I don’t watch television and although I have one, friends laugh at it because it’s so small. Instead of watching TV, I like to have a project or two going on. Or else I like to read.
You might remember from a year or so ago, all of my sweaters got chewed on by nasty evil moths. Of course, they go for the nice yummy cashmere ones instead of the old wool ones. Since I couldn’t bear to throw them all away, I started cutting them up and making scarves. See here. When I ran out of my sweaters, I started trolling thrift shops for more.I’ve got a wonderful cashmere throw, which I love, but I kept thinking how fabulous it would be to make a cashmere blanket! I’ve been hunting around for the perfect technique to use to make it, because I don’t want it to be too heavy or too thick. As I hunted around, I found a blog post from someone in Lebanon who made a cashmere sweater blanket.
I pulled out all of my sweaters in shades of pink and orange, along with a few in pale purple and orchid. I cut out 121 8×8 inch pieces and stacked them up. The finished size of the blanket will be about 77×77 inches and 11×11 rows.
My next challenge was how to lay out the pattern. I had between four and twelve pieces of each of 16 colours. I hunted around for a random pattern generator and finally found one that was for tiles. I needed a program where the number of colours and the number of each colour were variable. So after naming all of the colours and counting the number of pieces, and then transferring that to an excel spreadsheet, I got my pattern.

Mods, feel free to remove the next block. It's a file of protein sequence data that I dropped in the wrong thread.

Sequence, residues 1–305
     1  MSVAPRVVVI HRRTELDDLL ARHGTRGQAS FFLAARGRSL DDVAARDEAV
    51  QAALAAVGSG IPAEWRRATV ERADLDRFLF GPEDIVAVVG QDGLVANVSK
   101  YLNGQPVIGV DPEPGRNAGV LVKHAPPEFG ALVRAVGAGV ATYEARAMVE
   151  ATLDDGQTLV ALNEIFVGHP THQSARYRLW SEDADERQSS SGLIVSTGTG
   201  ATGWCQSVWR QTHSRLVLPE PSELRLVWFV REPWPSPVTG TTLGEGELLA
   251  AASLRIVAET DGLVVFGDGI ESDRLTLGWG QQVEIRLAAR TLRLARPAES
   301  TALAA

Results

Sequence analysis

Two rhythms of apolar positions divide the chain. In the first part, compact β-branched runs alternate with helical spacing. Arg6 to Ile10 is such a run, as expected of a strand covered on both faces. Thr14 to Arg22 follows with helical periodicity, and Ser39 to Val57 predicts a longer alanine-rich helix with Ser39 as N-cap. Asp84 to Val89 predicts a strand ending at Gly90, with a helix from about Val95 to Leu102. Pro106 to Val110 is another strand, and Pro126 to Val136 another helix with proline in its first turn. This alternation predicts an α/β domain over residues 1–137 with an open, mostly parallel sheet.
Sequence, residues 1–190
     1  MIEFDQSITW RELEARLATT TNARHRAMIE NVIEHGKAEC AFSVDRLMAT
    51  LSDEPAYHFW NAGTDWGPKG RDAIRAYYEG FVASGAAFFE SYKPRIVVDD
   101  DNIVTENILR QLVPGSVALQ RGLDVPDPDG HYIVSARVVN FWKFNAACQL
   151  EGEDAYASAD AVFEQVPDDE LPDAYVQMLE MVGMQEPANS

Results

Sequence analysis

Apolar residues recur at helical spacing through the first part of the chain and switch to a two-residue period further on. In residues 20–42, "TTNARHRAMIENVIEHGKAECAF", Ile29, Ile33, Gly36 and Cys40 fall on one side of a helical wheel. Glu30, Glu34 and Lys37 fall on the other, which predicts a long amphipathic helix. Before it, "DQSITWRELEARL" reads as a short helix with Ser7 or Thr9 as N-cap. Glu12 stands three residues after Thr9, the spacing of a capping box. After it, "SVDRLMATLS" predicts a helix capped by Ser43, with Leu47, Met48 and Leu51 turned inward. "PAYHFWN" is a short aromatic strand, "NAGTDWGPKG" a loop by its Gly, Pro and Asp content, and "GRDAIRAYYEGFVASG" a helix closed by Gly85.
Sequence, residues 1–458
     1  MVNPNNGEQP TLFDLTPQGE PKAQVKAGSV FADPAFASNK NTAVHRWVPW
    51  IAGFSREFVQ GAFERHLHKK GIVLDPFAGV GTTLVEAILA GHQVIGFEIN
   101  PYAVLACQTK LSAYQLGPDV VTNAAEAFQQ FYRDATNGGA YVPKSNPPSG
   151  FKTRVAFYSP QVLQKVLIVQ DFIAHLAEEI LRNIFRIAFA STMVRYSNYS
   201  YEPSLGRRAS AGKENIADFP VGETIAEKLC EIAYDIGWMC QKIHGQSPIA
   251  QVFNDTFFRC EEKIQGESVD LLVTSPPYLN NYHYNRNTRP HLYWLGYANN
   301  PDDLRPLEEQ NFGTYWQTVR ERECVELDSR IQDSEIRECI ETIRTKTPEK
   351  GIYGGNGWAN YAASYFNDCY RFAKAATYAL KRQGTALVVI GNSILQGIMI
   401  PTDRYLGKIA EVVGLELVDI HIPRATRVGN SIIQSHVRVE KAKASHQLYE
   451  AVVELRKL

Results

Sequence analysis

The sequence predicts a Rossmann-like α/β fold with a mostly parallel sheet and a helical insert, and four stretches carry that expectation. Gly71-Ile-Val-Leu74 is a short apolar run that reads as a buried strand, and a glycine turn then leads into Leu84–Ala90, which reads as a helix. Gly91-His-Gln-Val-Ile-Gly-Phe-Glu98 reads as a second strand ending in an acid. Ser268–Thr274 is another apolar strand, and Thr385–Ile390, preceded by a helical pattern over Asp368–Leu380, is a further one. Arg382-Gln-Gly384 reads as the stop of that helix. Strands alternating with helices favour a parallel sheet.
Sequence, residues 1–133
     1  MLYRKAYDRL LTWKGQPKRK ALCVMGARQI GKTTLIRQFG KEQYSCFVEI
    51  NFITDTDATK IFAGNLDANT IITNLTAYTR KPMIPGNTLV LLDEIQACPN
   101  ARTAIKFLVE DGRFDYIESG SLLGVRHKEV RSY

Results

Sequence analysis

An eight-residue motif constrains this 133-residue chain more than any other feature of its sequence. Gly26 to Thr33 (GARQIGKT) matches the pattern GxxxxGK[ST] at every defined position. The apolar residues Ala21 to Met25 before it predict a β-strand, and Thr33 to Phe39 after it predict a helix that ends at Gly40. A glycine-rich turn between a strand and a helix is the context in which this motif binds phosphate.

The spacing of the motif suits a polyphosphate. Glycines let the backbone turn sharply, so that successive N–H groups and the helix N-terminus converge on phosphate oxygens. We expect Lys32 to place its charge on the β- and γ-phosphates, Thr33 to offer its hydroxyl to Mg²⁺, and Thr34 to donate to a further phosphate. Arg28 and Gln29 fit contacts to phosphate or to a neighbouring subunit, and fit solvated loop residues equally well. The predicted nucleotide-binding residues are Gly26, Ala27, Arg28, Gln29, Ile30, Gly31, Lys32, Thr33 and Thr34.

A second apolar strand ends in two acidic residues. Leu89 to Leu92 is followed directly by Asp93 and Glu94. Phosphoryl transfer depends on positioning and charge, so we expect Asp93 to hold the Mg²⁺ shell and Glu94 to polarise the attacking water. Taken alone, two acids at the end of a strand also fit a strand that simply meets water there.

As I finished each row, I put it in a ziplock bag and then numbered the bag.That way, once I start and finish a row, it will be in the right order for the pattern – although, since it’s random, I guess it doesn’t matter too much! It will just keep me a bit organized.
The one thing I’ve been stewing about is how to finish the edges, because unlike wool, cashmere does not felt. Luckily, the blog from Lebanon had the solution – modified pojagi seam! It’s a Korean technique and when I saw it, I knew it was perfect.
Basically, you sew two pieces together, right sides facing each other. Then you press your seams open. Next, you run a zigzag stitch down the raw edge of the seam. The actual pojagi seam is a little more complex than this, but this will be fine.On the right side, the zigzag stitches create a nice pattern in the material.
I have finished one row of the blanket and am quite pleased with the way it looks. I know a couple of the colours will be a bit jarring together – especially the fuchsia and the orange, but overall, I think it will work.Stay tuned for the finished product in a week or so!
Read more at Pigtown Design
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